A military arms supplier has agreed to drop biblical references engraved on their weapons. Trijicon Inc. has multimillion dollar contracts with the Pentagon and sells to Australian, New Zealand, and British militaries—their current contract with the US Marine Corps is $660 million dollars. A Trijicon spokesman said the small scriptural references were introduced by the founder of the company before contracts with the military began in 1995. The engravings, referring to Bible verses such as JN8:12 and 2COR4:6, were not given much notice until an ABC News report aired at the end of January. Trijicon has never been secret about their Christian roots, but they have agreed to stop engraving the weapons. They say their “decision to voluntarily remove these references is both prudent and appropriate.”
Source: New York Times
After placing an unprecedented hold on more than 80 Presidential nominations in order to secure earmarks for his home state, Senator Richard Shelby (R-AL) backed down in February. According to ABC News, a week after announcing he would filibuster all the presidents appointments, Sen. Shelby claimed it was just an attempt “to get the White House's attention.” According to Shelby's spokesman John Graffeo, Shelby hoped to get the Air Force's aerial refueling tanking acquisition and the FBI's Terrorist Device Analytical Center addressed. For months, Shelby, with strong ties with the military-industrial complex and big banks, has been trying to reverse a $100 billion contract given to Boeing to build refueling tankers for the military. Shelby wanted the contract to go to Northrop Grumman/EADs—which have given him heavy financial campaign support. Both programs would have been located in Shelby's home state of Alabama.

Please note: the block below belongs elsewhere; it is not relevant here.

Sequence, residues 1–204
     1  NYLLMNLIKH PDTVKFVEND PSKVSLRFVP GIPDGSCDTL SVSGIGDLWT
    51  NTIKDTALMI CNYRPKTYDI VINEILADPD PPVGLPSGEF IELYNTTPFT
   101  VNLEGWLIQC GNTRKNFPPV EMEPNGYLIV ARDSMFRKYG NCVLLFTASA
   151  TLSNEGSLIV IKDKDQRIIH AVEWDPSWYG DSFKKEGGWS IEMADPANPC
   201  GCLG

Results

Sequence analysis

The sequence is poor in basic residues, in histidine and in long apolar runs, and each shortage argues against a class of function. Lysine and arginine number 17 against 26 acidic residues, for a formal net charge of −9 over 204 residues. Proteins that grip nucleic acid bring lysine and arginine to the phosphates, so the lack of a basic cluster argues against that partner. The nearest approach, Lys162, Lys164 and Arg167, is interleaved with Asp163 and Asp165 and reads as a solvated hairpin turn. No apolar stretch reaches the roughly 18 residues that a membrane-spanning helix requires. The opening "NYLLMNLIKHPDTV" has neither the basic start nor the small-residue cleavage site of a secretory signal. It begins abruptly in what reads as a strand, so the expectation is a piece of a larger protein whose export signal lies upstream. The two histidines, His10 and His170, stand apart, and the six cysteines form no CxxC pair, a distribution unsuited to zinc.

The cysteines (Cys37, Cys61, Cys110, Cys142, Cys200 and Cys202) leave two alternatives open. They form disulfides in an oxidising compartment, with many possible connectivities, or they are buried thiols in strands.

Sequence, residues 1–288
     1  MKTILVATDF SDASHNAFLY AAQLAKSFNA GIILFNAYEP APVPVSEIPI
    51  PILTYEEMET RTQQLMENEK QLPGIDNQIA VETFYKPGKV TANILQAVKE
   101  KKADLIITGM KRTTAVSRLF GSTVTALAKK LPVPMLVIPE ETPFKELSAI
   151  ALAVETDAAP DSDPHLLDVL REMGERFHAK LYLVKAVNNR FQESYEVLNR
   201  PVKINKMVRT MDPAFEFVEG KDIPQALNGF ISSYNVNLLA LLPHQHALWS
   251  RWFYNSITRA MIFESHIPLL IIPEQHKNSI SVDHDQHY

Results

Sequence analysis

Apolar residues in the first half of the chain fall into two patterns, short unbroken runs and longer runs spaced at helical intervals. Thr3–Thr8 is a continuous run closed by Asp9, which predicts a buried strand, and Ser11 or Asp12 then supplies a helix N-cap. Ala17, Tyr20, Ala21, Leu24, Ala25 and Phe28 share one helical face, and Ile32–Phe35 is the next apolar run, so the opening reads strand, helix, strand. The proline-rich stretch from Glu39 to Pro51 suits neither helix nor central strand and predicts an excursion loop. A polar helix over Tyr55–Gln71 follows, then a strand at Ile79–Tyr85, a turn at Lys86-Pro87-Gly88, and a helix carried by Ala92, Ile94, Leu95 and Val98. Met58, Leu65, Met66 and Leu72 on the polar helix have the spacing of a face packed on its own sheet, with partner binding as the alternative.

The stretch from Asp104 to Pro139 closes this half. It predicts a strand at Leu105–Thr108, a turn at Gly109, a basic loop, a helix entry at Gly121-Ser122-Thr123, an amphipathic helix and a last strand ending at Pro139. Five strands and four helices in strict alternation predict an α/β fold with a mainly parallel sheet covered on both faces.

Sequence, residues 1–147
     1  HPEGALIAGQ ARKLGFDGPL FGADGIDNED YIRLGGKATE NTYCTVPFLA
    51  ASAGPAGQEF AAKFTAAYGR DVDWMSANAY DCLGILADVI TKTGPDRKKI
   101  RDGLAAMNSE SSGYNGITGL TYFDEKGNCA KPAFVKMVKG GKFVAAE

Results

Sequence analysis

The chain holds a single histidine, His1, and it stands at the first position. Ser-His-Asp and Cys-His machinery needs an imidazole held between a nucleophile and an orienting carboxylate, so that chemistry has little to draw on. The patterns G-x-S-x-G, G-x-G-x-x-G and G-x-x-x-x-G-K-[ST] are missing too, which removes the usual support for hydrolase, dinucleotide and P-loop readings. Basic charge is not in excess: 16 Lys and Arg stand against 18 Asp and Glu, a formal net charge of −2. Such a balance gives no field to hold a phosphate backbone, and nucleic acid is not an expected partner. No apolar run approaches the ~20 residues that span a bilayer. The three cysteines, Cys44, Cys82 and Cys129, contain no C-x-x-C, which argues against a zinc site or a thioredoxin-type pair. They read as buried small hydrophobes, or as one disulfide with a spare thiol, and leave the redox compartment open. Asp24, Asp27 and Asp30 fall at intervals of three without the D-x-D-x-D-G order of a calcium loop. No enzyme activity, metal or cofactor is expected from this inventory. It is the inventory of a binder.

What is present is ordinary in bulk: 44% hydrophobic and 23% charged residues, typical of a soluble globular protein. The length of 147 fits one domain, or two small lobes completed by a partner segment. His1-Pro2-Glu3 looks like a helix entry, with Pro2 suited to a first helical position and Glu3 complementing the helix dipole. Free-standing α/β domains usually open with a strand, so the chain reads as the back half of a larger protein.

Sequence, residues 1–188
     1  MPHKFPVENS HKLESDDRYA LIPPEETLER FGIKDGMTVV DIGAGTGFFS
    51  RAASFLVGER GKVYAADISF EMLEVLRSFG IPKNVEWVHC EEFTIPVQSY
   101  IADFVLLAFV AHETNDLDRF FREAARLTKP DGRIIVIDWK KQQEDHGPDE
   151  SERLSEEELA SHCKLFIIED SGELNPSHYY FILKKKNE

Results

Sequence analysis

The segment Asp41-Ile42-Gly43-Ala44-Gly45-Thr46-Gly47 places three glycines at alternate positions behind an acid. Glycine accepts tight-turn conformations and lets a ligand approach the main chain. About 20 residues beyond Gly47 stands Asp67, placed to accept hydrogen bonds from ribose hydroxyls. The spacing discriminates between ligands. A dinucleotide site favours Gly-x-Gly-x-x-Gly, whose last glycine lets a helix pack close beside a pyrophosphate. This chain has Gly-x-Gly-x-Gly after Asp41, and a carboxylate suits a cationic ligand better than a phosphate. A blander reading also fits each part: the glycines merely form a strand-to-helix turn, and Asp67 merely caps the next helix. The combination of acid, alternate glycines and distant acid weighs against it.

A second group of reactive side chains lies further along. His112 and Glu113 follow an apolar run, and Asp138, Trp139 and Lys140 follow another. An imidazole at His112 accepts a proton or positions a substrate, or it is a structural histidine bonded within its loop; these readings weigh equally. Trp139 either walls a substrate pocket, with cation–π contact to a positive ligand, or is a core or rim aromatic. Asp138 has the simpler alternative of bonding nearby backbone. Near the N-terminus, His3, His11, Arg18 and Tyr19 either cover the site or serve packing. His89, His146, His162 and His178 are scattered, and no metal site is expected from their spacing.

Source: ABC News
A US college student was detained and interrogated in a Philadelphia airport in August 2009 by FBI because he was carrying a set of English-Arabic flashcards. Nicolas George, 22, was on his way back to college when he was detained for five hours without being told why. A US Transportation Security Administration supervisor asked him about who was responsible for the 9/11 attacks and about Osama Bin Laden. Then he was handcuffed and locked in a cell for two hours before he was “abusively” questioned by two FBI agents. The American Civil Liberties Union filed a suit aginst the officers from the TSA, FBI, and Philadelphia police charging them with violating George's constitutional rights of free speech and to be free from unreasonable seizure.
The nation's illegal immigrant population declined by nearly 1 million people in 2009—the sharpest decrease in three decades. The number of illegal immigrants living in the US dropped from 11.5 million in 2008 to 10.8 million, according to a new report from the US Department of Homeland Security. This marks the second consecutive year of decline. California's illegal immigrant population dropped by 250,000 to 2.6 million people, accounting for 25 percent of the nation's illegal immigrant population. Arizona's illegal population dropped by 17.8 pecent followed by Florida (14.3 percent), New York (14 percent), and New Jersey (10 percent). Researchers believe the decline can be attributed to restricted jobs due to the weak economy and stricter boarder control.
Source: Los Angeles Times
On the brink of the Obama administration eliminating federal funding for abstinence-only sex education, a new study has shown an abstinence-only program helped delay sexual activity in middle school students. In the study, conducted by Dr. John B. Jemmott III of the University of Pennsylvania, only about a third of the randomly assigned students who participated in the abstinence-only classes started having sex in the next 24 months. Of the students assigned to general health information or only safer sex classes, half began having sex in the next two years. Among the kids taught comprehensive sex education covering both abstinence and safe sex, 42 percent began having sex in the same time frame. Supporters of abstinence-only sex education hope the study encourages the White House to include funding for abstinence-only programs. The Jemmott study did not advocate abstinence until marriage as the federally supported abstinence programs previously in use did, and contained only medically accurate information.
Source: New York Times